The Dialogues of Plato, Volume 1

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Charles Scribner's sons, 1902 - Philosophy
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User Review  - donbuch1 - LibraryThing

This classic series represents the Western canon not without academic controversy. The latest volumes of the Great Books include some women writers, but they are still definitely underrepresented ... Read full review

LibraryThing Review

User Review  - wildbill - LibraryThing

The first time I started this book I was in my teens. This time I was able to get past the first fifty pages and found an enjoyable and at times disturbing book. The book contains elements of satire ... Read full review

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Page 463 - For this cause shall a man leave his father and mother, and shall be joined unto his wife, and they two shall be one flesh. This is a great mystery: but I speak concerning Christ and the church.
Page 447 - Crito, I owe a cock to Asclepius; will you remember to pay the debt? The debt shall be paid said Crito, is there anything else?
Page 447 - ... directions, and the man who gave him the poison now and then looked at his feet and legs; and after a while he pressed his foot hard and asked him if he could feel; and he said, no; and then his leg, and so upwards and upwards, and showed us that he was cold and stiff. And he felt them himself, and said: When the poison reaches the heart, that will be the end.
Page 223 - For all good poets, epic as well as lyric, compose their beautiful poems not by art, but because they are inspired and possessed.
Page 126 - ... of other excellent poets, who are the lyric poets; and these they set to music, and make their harmonies and rhythms quite familiar to the children's souls, in order that they may learn to be more gentle, and harmonious, and rhythmical, and so more fitted for speech and action; for the life of man in every part has need of harmony and rhythm.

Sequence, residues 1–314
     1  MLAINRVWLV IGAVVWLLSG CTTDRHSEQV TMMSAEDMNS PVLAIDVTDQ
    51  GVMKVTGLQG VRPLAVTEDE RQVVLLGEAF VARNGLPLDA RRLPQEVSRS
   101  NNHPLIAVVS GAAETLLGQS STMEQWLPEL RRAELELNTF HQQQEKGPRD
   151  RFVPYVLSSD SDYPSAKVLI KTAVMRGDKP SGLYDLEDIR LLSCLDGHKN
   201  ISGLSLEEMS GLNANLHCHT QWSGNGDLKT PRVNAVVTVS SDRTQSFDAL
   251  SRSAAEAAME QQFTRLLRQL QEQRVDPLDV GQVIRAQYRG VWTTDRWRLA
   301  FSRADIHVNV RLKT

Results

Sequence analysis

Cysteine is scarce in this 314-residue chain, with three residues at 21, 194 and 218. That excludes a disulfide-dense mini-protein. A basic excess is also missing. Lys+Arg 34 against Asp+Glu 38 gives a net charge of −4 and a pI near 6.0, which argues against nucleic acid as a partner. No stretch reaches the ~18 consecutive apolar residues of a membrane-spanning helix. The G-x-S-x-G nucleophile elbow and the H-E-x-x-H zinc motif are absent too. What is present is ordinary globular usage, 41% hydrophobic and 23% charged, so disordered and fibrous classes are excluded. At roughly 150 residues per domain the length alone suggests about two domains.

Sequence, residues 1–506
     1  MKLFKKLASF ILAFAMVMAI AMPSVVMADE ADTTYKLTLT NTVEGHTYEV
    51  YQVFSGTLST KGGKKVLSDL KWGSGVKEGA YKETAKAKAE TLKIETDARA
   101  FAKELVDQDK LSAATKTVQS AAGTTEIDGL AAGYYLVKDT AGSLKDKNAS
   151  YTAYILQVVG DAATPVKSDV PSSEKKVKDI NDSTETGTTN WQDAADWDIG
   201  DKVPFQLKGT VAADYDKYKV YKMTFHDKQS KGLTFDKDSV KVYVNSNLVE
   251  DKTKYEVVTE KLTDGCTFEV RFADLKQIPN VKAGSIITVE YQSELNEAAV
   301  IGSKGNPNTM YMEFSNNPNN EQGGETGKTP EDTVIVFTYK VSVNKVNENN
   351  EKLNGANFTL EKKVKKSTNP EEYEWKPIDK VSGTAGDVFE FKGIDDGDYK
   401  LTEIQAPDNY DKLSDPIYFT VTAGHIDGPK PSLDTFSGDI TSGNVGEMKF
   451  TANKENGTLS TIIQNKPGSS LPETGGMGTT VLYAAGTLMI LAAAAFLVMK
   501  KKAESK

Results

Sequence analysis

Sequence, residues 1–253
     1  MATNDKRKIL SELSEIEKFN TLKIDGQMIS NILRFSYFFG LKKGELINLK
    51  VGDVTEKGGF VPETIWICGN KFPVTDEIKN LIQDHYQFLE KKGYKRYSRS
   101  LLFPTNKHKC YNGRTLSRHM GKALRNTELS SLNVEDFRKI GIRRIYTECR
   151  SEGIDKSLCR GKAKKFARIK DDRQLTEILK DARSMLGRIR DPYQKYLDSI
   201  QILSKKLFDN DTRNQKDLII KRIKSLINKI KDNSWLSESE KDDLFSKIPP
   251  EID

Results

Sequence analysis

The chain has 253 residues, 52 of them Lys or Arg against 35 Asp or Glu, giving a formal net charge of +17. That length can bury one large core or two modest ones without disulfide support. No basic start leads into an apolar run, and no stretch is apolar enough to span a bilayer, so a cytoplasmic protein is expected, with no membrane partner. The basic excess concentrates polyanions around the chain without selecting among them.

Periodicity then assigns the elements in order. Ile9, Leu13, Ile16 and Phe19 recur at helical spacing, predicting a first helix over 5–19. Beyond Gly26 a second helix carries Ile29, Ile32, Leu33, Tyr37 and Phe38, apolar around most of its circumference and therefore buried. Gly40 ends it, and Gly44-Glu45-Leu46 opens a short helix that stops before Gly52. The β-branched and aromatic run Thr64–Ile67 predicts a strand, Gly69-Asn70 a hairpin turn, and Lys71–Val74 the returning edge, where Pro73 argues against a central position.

Page 550 - But he who, having no touch of the Muses' madness in his soul, comes to the door and thinks that he will get into the temple by the help of art— he, I say, and his poetry are not admitted; the sane man disappears and is nowhere when he enters into rivalry with the madman.
Page 447 - And hitherto most of us had been able to control our sorrow ; but now when we saw him drinking, and saw too that he had finished the draught, we could no longer forbear, and in spite of myself my own tears were flowing fast ; so that I covered my face and wept, not for him, but at the thought of my own calamity in having to part from such a friend.
Page 536 - Very true, my good friend; and I hope that you will excuse me when you hear the reason, which is, that I am a lover of knowledge, and the men who dwell in the city are my teachers, and not the trees or the country.
Page 333 - I do believe that there are gods, and in a sense higher than that in which any of my accusers believe in them. And to you and to God I commit my cause, to be determined by you as is best for you and me.
Page 503 - Remember how in that communion only, beholding beauty with the eye of the mind, he will be enabled to bring forth, not images of beauty, but realities (for he has hold not of an image, but of...

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